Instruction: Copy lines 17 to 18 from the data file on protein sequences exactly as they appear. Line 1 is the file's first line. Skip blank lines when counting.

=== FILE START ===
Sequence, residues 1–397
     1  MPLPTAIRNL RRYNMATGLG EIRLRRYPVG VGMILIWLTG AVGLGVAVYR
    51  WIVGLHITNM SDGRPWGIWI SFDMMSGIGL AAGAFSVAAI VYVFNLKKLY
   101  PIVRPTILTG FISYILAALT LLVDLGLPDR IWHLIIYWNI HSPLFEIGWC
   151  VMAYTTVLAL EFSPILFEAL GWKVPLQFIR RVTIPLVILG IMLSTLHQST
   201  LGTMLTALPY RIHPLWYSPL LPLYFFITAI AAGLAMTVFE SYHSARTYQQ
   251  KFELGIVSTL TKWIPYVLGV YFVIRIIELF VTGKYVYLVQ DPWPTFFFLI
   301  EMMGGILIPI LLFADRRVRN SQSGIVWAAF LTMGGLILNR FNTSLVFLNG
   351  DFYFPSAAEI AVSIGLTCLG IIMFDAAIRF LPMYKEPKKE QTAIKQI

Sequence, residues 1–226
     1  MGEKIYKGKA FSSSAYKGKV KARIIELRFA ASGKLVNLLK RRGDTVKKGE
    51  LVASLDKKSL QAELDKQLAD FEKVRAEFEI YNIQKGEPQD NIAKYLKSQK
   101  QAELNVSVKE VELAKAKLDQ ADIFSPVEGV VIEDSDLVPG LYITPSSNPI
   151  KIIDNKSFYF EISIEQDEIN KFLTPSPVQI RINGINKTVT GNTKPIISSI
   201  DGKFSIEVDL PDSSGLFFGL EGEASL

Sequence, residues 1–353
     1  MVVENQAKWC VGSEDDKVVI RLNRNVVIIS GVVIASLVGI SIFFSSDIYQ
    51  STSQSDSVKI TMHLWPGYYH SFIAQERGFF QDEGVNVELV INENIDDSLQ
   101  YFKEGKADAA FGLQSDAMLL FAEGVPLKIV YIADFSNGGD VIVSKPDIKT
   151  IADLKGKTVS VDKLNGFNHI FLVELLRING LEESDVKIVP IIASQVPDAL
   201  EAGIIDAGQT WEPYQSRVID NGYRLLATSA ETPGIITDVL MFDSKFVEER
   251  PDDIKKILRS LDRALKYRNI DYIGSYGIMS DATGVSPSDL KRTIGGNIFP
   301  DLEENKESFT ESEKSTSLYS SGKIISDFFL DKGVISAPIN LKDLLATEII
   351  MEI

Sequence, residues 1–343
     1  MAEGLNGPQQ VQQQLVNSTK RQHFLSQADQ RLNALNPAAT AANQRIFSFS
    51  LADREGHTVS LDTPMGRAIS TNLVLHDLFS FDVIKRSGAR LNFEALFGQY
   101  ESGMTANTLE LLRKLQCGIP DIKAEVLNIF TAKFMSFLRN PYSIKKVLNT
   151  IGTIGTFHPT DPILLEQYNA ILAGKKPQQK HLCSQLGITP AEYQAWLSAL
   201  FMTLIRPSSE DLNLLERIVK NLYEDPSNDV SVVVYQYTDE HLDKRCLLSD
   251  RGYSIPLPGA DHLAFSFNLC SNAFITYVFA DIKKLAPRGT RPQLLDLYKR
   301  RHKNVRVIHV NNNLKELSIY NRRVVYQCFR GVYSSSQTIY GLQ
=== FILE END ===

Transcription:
     1  MVVENQAKWC VGSEDDKVVI RLNRNVVIIS GVVIASLVGI SIFFSSDIYQ
    51  STSQSDSVKI TMHLWPGYYH SFIAQERGFF QDEGVNVELV INENIDDSLQ